In this lingering production of Yes, Prime Minister, Anthony Jay and Jonathan Lynn have made modest attempts to modernise this treasured sitcom. From the start the play is full of references that are familiar to today’s audiences. It follows Jim Hacker and Humphrey Appleby as they struggle to deal with the recession, oil, illegal immigrants, sex trafficking, global warming, the EU and the BBC.

However, despite these easy targets, the dialogue lacks the wit that is cherished in the original TV series, and a lot of the first act received nothing but titters. The production feels as though it is going through the motions, as the writers tick off each item on a list of current issues. It is only by the second half that the play gradually turns into a farce. It does generate more laughter, but Yes, Prime Minister does become absurd.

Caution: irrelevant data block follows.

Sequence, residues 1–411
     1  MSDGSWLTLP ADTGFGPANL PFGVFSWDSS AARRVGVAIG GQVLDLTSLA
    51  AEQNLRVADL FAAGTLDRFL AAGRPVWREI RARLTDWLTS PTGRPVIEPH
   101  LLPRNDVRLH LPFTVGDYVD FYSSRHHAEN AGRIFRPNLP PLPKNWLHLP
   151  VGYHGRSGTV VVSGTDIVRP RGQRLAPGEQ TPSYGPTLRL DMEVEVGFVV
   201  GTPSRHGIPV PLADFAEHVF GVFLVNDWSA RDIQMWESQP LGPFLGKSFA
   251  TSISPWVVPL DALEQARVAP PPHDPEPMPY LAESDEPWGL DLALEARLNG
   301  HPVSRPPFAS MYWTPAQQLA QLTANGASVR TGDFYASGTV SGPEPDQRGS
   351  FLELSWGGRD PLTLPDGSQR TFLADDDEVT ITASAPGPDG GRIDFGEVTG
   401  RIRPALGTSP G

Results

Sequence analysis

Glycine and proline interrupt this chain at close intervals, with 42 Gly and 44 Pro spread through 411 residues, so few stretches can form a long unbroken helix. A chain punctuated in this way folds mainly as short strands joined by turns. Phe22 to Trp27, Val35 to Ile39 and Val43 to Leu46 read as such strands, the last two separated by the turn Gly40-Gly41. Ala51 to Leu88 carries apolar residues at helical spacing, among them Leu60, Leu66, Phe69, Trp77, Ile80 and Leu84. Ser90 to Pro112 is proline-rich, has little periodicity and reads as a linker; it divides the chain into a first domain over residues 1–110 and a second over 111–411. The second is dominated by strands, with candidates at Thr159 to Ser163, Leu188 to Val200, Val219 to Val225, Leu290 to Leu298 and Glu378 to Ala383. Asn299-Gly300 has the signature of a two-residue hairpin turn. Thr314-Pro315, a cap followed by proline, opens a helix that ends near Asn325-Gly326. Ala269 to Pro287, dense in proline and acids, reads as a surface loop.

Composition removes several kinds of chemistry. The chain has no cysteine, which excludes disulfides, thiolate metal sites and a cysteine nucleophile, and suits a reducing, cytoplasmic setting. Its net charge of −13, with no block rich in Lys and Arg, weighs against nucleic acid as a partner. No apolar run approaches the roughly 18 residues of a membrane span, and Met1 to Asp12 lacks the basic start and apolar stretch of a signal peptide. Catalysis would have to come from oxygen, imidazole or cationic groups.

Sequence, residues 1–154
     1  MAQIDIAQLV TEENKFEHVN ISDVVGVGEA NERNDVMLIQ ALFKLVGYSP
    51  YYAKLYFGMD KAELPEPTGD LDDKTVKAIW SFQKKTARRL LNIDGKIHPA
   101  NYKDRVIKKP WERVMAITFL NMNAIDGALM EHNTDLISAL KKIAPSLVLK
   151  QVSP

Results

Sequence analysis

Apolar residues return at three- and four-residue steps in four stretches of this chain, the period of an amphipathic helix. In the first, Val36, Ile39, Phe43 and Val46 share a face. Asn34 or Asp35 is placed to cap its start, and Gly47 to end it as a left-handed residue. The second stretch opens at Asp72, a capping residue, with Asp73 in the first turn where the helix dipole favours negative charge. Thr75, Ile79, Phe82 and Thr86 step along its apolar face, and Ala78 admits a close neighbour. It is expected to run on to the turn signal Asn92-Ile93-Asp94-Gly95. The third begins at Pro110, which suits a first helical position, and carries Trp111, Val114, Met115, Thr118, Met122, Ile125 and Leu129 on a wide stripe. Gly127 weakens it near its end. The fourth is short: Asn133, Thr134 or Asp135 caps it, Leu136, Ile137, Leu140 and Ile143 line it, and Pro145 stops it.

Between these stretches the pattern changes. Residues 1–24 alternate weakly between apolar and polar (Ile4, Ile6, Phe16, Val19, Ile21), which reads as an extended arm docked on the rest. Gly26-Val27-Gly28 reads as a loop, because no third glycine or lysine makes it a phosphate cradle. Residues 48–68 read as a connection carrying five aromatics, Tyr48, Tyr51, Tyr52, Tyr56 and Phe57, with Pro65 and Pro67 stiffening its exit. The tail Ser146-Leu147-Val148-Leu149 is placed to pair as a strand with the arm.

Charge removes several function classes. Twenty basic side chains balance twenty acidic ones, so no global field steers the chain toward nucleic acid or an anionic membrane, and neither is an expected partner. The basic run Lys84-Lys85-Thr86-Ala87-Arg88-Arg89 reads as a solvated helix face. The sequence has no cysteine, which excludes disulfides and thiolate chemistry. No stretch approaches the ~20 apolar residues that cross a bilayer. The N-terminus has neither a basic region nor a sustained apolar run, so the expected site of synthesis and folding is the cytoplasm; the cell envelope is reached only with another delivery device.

What does work is the relationship between Jim Hacker and Humphrey Appleby who are played, though with some exaggeration, by Michael Fenton Stevens and Crispin Redman. It is charming to watch the two try and get the better of each other. Fenton Stevens is an idealistic but pompous and incapable Hacker. Redman meanwhile is the pragmatic and diligent, but slippery Humphrey who gets a round of applause every time he produces a long-winded monologue. Elsewhere, Michael Matus plays a moralistic but simple minded Bernard Woolley, whilst Indra Ove is an astute adversary to Humphrey as Hacker’s policy advisor, Claire Sutton.

The set is nicely detailed, though the sound effects are a bit loud.

Altogether, whilst making every reference to the current political climate, the production lacks the ‘gold standard’ of the original TV series. By the end it has descended into farce which audiences may or may not finding entertaining.